Cosmic And Human Imagination

For Froschammer, Fancy is the original principle of things. In his

philosophical theory it plays the same part as Hegel's Idea,

Schopenhauer's Will, Hartmann's Unconscious, etc. It is, at first,

objective--in the beginning the universal creative power is immanent in

things, just as there is contained in the kernel the principle that

shall give the plant its form and construct its organism; it spreads out

into the myria
s of vegetable and animal existences that have been

succeeded or that still live on the surface of the Cosmos. The first

organized beings must have been very simple; but little by little the

objective imagination increases its energy by exercising it; it invents

and realizes increasingly more complex images that attest the progress

of its artistic genius. So Darwin was right in asserting that a slow

evolution raises up organized beings towards fulness of life and beauty

of form.

Step by step, it succeeds in becoming conscious of itself in the mind of

man--it becomes subjective. Generative power, at first diffused

throughout the organism, becomes localized in the generative organs, and

becomes established in sex. "The brain, in living beings, may form a

pole opposed to the reproductive organs, especially when these beings

are very high in the organic scale." Thus changed, the generative power

has become capable of perceiving new relations, of bringing forth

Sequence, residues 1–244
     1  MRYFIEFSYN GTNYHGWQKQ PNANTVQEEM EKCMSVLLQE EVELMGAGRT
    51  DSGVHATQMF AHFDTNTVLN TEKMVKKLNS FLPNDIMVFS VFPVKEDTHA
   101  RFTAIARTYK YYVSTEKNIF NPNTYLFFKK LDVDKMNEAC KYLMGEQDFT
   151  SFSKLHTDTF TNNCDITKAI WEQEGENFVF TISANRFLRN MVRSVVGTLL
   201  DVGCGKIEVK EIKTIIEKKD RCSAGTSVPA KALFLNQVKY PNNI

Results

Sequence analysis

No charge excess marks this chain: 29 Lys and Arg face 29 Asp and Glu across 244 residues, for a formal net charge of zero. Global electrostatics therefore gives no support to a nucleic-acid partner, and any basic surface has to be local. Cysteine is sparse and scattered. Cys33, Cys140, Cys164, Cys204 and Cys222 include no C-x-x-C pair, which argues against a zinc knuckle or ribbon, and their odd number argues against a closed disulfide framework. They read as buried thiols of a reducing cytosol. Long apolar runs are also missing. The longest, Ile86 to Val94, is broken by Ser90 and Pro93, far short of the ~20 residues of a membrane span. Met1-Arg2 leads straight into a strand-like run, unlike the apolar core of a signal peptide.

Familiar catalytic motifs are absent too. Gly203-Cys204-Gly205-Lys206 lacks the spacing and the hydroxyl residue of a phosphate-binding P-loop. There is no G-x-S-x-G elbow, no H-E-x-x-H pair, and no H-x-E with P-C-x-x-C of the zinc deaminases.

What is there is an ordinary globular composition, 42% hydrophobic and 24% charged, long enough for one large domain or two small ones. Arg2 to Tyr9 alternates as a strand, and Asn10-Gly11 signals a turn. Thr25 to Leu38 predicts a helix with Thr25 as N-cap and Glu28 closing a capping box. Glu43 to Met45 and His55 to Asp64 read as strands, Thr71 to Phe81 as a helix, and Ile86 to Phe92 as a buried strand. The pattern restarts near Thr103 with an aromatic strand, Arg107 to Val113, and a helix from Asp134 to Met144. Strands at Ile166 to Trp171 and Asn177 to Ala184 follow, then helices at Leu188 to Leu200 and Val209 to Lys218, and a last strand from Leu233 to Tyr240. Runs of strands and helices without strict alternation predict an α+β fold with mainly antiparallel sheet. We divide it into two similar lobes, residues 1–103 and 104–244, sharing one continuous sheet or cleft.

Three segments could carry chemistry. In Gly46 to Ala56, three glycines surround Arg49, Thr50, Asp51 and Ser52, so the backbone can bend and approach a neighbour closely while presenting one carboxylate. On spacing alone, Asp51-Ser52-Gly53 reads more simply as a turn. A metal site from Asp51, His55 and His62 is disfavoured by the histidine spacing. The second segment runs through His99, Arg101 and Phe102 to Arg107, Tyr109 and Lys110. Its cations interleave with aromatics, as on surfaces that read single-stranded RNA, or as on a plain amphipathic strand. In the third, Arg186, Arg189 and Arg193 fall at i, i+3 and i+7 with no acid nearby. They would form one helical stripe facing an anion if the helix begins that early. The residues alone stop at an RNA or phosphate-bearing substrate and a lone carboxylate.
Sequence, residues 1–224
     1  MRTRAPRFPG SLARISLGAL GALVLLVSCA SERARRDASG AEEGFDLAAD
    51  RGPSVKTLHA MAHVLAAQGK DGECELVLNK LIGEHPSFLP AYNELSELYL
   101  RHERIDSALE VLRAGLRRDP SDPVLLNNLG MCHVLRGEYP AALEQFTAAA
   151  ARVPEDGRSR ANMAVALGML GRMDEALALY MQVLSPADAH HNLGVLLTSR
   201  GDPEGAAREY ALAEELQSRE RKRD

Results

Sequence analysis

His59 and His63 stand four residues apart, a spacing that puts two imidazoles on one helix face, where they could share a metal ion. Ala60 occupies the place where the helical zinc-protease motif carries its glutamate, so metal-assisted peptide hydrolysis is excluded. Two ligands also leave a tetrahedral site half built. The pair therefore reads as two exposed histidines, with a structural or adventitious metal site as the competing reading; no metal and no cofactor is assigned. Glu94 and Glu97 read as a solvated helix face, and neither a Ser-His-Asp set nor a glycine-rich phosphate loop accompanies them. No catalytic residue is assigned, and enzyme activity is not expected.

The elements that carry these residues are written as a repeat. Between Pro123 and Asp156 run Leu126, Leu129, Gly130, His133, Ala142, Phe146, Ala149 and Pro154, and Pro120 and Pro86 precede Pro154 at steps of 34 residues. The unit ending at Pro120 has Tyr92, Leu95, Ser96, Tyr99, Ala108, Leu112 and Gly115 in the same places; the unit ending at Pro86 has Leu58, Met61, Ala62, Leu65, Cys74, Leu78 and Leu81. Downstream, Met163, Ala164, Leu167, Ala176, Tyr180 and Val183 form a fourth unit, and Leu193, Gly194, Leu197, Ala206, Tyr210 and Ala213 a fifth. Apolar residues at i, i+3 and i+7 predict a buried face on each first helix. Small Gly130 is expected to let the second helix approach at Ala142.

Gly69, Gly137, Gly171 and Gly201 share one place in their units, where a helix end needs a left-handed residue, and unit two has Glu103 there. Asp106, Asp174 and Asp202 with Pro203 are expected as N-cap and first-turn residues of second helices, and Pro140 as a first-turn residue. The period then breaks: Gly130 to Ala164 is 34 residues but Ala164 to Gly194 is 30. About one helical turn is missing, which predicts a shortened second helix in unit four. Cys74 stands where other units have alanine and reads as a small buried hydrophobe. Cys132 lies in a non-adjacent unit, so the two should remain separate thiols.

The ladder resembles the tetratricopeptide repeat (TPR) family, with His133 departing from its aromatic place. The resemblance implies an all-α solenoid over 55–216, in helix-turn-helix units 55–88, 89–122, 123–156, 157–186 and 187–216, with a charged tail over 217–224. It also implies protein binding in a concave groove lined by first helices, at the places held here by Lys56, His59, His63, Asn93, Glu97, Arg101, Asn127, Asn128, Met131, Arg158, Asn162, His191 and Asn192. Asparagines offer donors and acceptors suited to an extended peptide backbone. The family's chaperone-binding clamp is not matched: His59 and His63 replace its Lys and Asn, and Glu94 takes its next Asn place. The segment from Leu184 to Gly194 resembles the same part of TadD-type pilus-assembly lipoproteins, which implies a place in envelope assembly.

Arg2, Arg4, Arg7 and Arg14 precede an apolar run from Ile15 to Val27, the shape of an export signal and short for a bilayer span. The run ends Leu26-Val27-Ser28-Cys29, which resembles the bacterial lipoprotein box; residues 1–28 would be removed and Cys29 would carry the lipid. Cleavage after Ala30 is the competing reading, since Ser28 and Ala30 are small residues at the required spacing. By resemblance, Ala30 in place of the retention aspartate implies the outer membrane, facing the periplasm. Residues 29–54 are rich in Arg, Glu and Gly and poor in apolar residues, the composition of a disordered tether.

internal worlds. In nature and in man it is the same principle that

causes living forms to appear--objective images in a way, and subjective

images, a kind of living forms that arise and die in the mind.

This metaphysical theory, one of the many varieties of mens agitat

molem, being, like every other, a personal conception, it is

superfluous to discuss or criticise its evident anthropomorphism. But,

since we are dealing with hypotheses, I venture to risk a comparison

between embryological development in physiology, instinct in

psychophysiology, and the creative imagination in psychology. These

three phenomena are creations, i.e., a disposition of certain materials

following a determinate type.

In the first case, the ovum after fertilization is subject to a

rigorously determined evolution whence arises such and such an

individual with its specific and personal characters, its hereditary

influences, etc. Every disturbing factor in this evolution produces

deviations, monstrosities, and the creation does not attain the normal.

Embryology can follow these changes step by step. There remains one

obscure point in any event, and that is, the nature of what the ancients

called the nisus formativus.

In the case of instinct, the initial moment is an external or internal

sensation, or rather, a representation--the image of a nest to be built,

in the case of the bird; of a tunnel to be dug, for the ant; of a comb

to be made, for the bee and the wasp; of a web to be spun, for the

spider, etc. This initial state puts into action a mechanism determined

by the nature of each species, and ends in creations of special kinds.

However, variations of instinct, its adaptation to various conditions,

show that the conditions of the determinism are less simple, that the

creative activity is endowed with a certain plasticity.

In the third case, creative imagination, the ideal, a sketched

construction, is the equivalent of the ovum; but it is evident that the

plasticity of the creative imagination is much greater than that of

instinct. The imagination may radiate in several very different ways,

and the plan of the invention, as we have seen, may arise as a

whole and develop regularly in an embryological manner, or else present

itself in a fragmentary, partial form that becomes complete after a

series of attractions.

Perhaps an identical process, forming three stages--a lower, middle,

and higher--is at the root of all three cases. But this is only a

speculative hypothesis, foreign to psychology proper.